Think of your supply chain. It probably looks something like this. Product gets shipped on a line-haul truck to a warehouse or storage facility Product gets delivered by box truck to retail location Product is purchased at the store (deliveries end) OR online, requiring one more delivery to get the product to the customer’s home While growing consumer demand means this supply chain must grow as well, delivery growth faces two major bottlenecks- the availability and the cost of drivers. As recently as 2017, the American Trucking Association reported a shortage of 45,000 drivers. This trend will continue as fewer young people seek work as drivers because of the high-risk and high-stress work of a full-time driver. Meanwhile, customers are ordering more, and delivery is gaining popularity. There are simply more deliveries than there are drivers to make them. Your business may feel this pain. While the entire supply chain feels the stress of driver shortages and autonomous vehicles will impact every leg of the journey, this post will focus on the last mile- delivering goods to the end customers. -Think about your delivery business. When did you start? The most prescient of you launched home delivery well before the dawn of the internet. Phone orders would come in, you’d load a van, and deliver the goods. This early experience likely helped delivery become a substantial part of your total sales volume. Boy, aren’t you happy you started early. Others of you are just beginning to experiment with delivery. Amazon’s recent purchase of Wholefoods made it clear that delivery is an enormous opportunity. And if you don’t go after it soon, you’ll fall behind. Whether your business was one of the first to do deliveries or is just getting into the market, know this:  e-commerce made up just 10% of all retail in 2017 and is expected to double in the next 5 years. That’s right. Imagine hiring and managing 2X as many drivers as you have now. Imagine the logistics of 2X as many orders. Imagine the costs of delivery- which seem high now- doubling by 2022. Imagine everything in your supply chain doubling- except for your bandwidth, and the price you can charge. It’s hard to imagine. And unless your business innovates in a major way, costs will grow, hiring will become ever-more-difficult, and you’ll miss the opportunity of delivery on a large scale.   To combat this disparity between growing demand for delivery and shrinking supply of drivers, autonomous vehicles are beginning to enter the supply chain.  These vehicles enable a safer, cleaner, and more efficient supply chain. Because they don’t get tired or distracted, autonomous vehicles can work longer hours and with fewer accidents. Because they don’t speed or brake hard, they use less gas and better maintain engines and brakes. And because they can be smaller and lighter than traditional vehicles, they can move goods faster and more effectively. With all these benefits, autonomous delivery vehicles have a lot to offer the typical supply chain- especially in the last mile, where drivers and gas make up almost 70% of the cost.  So all of this sounds pretty good. You read this article, and like the idea of a self-driving delivery van. You have a few meetings, look at some numbers, and are ready to purchase your first autonomous delivery vehicle. But how does an autonomous delivery actually work? -Since the driver isn’t there (obviously) to load, unload, and deliver goods, Merchants and Customers need to play a larger role in this process.  MERCHANT PROCESS A Merchant, as we define it at udelv, is anyone who will be loading the vehicle. This might be a grocery clerk, warehouse employee, or dedicated picker/packer. With udelv, it takes two steps. Share orders Load orders Share orders Since you can’t hand a piece of paper to a driver who punches an address into the GPS, you’ll need to share order information with the autonomous vehicle in advance. You can do that with any delivery management tool (like OnFleet). or an easy entry tool on the udelv website. Algorithms then do what was previously a manual task. They route and schedule the deliveries, and let your customers know what day and time they can expect their delivery. Most importantly, the times are in 15-minute windows, providing your customers amazing visibility and convenience (more on this later). Load orders All of your orders are input into the udelv Merchant app. When the vehicle arrives at your store or warehouse, or other loading location, you can open your app and see all your orders for the day.  Select an order, pick a compartment, and load it the order.  If you need to double check an order or fix something, you can go back and re-open any compartment. All of this takes less than 10 seconds/order. CUSTOMER PROCESS As a Customer, everything about autonomous deliveries needs to be as good or better than the current experience. Here, the focus is on convenience and easy access. Convenience With an autonomous vehicle, customers can track their order at every step in the process. Tracking provides peace-of-mind and greater trust in the Merchant and delivery process. Knowing the arrival time ensures that customers are available to receive the order. Standard 2-3 hour delivery windows force Customers to wait around impatiently and powerlessly. An autonomous vehicle’s precise tracking and 15-minute delivery windows means that Customers can schedule their days accordingly, transforming delivery from a chore into a pleasure. Easy Access Getting a delivery from the vehicle into the customer’s hands is all about empowering the customer. The first step is ensuring the Customer knows when and where the order will arrive, so they can be available. The second step is getting the customer to retrieve the order. Autonomous delivery companies can provide access to compartments through keypads, apps, text-to-open tools, and more. And once a customer removes their order, the vehicle continues to its next destination- safely and cheaply. Autonomous delivery vehicles promise to make deliveries cheaper for Merchants, more convenient for Customers, and more sustainable for the economy and the environment. To take advantage of the benefits, Merchants should start thinking about and testing autonomous deliveries today. Just like with innovations of the past, from e-commerce to mobile apps, the Merchants who take advantage of autonomy the earliest will see benefits the soonest. If you’re interested in learning more about piloting an autonomous delivery vehicle, visit udelv.com/FAQ or email sales@udelv.com +MORE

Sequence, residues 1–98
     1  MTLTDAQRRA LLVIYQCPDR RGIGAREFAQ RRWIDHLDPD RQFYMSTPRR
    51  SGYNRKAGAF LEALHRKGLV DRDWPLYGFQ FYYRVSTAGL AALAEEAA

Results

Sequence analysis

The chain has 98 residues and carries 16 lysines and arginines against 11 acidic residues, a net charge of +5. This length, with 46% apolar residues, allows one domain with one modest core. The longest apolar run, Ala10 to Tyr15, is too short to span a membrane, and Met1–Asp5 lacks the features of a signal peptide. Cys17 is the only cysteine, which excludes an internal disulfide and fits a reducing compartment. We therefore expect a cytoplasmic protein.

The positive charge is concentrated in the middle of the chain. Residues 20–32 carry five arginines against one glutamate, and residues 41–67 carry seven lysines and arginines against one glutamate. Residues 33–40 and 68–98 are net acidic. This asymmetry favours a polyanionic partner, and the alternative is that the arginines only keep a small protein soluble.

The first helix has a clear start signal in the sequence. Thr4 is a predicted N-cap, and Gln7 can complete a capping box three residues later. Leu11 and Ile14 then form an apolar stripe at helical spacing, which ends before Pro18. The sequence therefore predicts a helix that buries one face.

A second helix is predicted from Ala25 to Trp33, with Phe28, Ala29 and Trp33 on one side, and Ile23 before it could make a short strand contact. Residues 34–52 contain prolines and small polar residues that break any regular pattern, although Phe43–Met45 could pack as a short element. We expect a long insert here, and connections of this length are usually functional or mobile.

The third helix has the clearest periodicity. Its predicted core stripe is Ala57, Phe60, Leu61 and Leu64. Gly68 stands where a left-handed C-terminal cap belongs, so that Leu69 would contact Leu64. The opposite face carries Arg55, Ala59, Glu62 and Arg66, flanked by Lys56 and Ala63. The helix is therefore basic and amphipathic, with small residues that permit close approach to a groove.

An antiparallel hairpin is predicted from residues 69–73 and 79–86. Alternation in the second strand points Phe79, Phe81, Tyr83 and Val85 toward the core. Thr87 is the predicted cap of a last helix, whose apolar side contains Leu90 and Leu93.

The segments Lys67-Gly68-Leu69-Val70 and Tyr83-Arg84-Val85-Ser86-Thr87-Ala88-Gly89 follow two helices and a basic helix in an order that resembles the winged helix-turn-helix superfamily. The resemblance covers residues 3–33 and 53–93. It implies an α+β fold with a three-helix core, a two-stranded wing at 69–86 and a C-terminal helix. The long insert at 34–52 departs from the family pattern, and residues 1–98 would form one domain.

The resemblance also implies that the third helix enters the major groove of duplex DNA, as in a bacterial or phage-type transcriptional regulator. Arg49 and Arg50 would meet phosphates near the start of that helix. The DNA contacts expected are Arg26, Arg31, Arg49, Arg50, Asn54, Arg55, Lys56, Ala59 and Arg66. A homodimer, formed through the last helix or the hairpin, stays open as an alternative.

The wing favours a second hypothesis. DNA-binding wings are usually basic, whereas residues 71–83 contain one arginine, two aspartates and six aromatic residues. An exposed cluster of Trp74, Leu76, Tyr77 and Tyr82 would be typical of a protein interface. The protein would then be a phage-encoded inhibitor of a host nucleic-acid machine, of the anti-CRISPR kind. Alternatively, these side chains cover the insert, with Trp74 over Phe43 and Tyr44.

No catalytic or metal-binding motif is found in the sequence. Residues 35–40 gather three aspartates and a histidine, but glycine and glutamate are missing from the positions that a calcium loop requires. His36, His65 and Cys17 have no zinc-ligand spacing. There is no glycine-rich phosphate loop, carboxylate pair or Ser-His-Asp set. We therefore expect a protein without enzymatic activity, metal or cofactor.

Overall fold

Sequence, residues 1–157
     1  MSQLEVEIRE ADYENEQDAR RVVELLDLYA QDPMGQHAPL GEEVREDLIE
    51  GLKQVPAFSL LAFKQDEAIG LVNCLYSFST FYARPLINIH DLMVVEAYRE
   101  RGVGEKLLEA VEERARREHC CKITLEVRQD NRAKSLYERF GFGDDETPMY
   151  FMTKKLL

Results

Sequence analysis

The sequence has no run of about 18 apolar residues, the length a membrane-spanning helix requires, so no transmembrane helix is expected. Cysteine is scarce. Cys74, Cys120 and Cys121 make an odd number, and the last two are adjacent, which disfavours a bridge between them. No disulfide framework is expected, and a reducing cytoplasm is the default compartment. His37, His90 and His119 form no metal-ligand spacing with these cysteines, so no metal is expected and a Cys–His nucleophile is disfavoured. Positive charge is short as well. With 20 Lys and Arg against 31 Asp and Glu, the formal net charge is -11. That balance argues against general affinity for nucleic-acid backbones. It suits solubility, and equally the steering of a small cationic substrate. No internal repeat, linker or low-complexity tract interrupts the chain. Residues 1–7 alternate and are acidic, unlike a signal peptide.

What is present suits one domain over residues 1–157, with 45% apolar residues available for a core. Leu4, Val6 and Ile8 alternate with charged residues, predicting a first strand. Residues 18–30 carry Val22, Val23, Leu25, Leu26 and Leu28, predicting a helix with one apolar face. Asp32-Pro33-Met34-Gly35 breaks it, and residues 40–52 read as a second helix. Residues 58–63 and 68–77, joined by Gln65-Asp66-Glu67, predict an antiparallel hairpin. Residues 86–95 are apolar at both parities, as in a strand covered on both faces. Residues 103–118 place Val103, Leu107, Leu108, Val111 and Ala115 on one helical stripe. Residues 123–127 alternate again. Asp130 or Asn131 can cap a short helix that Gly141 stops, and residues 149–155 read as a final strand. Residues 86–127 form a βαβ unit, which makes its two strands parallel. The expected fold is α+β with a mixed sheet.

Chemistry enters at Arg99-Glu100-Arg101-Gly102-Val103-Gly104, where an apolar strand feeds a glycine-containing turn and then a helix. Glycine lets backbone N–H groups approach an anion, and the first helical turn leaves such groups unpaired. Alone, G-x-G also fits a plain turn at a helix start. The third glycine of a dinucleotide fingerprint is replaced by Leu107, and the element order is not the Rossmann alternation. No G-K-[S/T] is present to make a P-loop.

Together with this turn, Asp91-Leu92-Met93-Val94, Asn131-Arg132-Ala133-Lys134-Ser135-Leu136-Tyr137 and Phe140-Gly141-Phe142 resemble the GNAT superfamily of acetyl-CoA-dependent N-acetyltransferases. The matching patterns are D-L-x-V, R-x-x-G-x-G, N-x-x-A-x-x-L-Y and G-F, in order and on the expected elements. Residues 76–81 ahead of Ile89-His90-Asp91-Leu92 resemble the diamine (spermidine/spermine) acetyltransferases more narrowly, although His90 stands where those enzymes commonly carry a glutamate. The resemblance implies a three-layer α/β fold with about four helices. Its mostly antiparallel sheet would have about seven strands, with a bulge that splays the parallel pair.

Are you Leaving Profits in the Basket? 10 Secrets to Increase Basket Size Week After Week